• "There have been many genome wide linkage studies that have utilized families from racial/ ethnic populations other than those of Caucasian ancestry (e.g., Costa Rican (Cooper-Casey et al 2005; Walss-Bass et al 2006); Palau (Camp et al 2001; Klei et al 2005), Chinese (Faraone et al 2006), Japanese (group 2003) and Arabs (Lerer et al 2003)). None of the linkage signals have been replicated consistently across all populations and few have reached genome-wide significance. "
    [Show abstract] [Hide abstract]
    ABSTRACT: While many studies have sought a window into the genetics of schizophrenia, few have focused on African-American families. An exception is the Project among African-Americans to Explore Risks for Schizophrenia (PAARTNERS), which seeks to identify novel and known risk variation for schizophrenia by genetic analyses of African-American families. We report a linkage study of diagnostic status in 217 African-American families using the Illumina Linkage Panel. Due to assumed incomplete and time-dependent penetrance, we performed linkage analysis using two different treatments of diagnosis: (1) treating both affected and unaffected individuals as informative for linkage (using the program SIBPAL) and (2) treating only affected individuals as informative (using the program MERLIN). We also explore three definitions of affected status: narrowly defined schizophrenia; one broadened to include schizoaffective disorder; and another including all diagnoses indicating psychosis. Several regions show a decrease in the evidence for linkage as the definition broadens 8q22.1 (rs911, 99.26 cM; SIBPAL p-value [p] goes from 0.006 to 0.02), 16q24.3 (rs1006547, 130.48 cM; p from 0.00095 to 0.0085), and 20q13.2 (rs1022689, 81.73 cM; p from 0.00015 to 0.032). One region shows a substantial increase in evidence for linkage, 11p15.2 (rs722317, 24.27 cM; p from 0.0022 to 0.0000003); MERLIN results support the significance of the SIBPAL results (p=0.00001). Our linkage results overlap two broad, previously-reported linkage regions: 8p23.3-p12 found in studies sampling largely families of European ancestry; and 11p11.2-q22.3 reported by a study of African-American families. These results should prove quite useful for uncovering loci affecting risk for schizophrenia.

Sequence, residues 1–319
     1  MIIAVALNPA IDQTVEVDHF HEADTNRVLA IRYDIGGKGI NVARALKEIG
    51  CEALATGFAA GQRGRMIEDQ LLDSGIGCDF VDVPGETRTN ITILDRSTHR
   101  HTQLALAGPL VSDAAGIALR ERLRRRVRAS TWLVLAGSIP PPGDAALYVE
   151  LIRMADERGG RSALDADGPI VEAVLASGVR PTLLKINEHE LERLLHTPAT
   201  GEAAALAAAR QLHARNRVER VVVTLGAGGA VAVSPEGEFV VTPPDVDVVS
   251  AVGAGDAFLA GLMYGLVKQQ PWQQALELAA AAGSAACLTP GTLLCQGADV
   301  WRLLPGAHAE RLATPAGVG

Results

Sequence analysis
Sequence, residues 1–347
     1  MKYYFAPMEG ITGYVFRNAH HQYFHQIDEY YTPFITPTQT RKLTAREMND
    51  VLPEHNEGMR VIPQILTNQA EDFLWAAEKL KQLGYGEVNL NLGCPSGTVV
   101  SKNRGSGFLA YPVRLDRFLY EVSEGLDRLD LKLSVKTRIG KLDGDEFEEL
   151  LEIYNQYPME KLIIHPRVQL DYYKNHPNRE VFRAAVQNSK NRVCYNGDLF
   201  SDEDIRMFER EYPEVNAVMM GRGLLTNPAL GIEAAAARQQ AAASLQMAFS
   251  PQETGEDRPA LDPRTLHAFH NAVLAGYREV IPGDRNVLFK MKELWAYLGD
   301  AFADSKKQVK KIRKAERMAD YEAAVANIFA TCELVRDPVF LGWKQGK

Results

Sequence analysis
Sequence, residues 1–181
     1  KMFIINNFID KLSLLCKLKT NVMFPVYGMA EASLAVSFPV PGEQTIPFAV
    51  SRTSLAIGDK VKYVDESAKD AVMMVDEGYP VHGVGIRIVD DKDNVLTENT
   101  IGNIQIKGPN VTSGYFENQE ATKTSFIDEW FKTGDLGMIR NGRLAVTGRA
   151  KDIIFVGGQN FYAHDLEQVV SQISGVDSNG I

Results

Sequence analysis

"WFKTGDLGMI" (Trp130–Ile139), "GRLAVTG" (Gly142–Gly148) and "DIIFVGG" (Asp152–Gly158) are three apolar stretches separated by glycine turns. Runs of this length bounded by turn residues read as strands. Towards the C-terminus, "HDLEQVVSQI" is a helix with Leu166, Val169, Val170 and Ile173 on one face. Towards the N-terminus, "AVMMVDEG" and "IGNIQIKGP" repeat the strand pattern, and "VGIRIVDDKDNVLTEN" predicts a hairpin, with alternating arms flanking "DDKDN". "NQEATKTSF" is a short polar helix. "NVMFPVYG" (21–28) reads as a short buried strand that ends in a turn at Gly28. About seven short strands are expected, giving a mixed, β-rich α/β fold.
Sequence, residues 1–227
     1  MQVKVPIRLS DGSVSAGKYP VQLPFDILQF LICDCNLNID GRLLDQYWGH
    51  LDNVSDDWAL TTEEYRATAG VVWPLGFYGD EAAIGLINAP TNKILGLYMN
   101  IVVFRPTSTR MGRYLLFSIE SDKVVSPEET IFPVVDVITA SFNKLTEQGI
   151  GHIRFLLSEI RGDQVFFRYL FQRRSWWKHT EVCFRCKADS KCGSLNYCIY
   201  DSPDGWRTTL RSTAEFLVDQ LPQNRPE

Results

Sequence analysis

Schizophrenia Research 05/2009; 109(1-3):70-9. DOI:10.1016/j.schres.2009.02.007 · 4.43 Impact Factor
  • Source
    • "The methods of Bourgain et al. (2003) are also evaluated in the simulations. The structure of the simulations is motivated by a study of the genetics of schizophrenia in the Oceanic population of Palau (Klei et al. 2005; Devlin et al. 2007), but the results should be relevant for many other complex sample structures and diseases. "
    [Show abstract] [Hide abstract]
    ABSTRACT: Samples consisting of a mix of unrelated cases and controls, small pedigrees, and much larger pedigrees present a unique challenge for association studies. Few methods are available for efficient analysis of such a broad spectrum of data structures. In this paper we introduce a new matching statistic that is well suited to complex data structures and compare it with frequency-based methods available in the literature. To investigate and compare the power of these methods we simulate datasets based on complex pedigrees. We examine the influence of various levels of linkage disequilibrium (LD) of the disease allele with a marker allele (or equivalently a haplotype). For low frequency marker alleles/haplotypes, frequency-based statistics are more powerful in detecting association. In contrast, for high frequency marker alleles, the matching statistic has greater power. The highest power for frequency-based statistics occurs when the disease allele frequency closely matches the frequency of the linked marker allele. In contrast maximum power of the matching statistic always occurs for intermediate marker allele frequency regardless of the disease allele frequency. Moreover, the matching and frequency-based statistics exhibit little correlation. We conclude that these two approaches can be viewed as complementary in finding possible association between a disease and a marker for many different situations.
    Human Genetics 07/2007; 121(5):549-57. DOI:10.1007/s00439-007-0345-z · 4.52 Impact Factor
Show more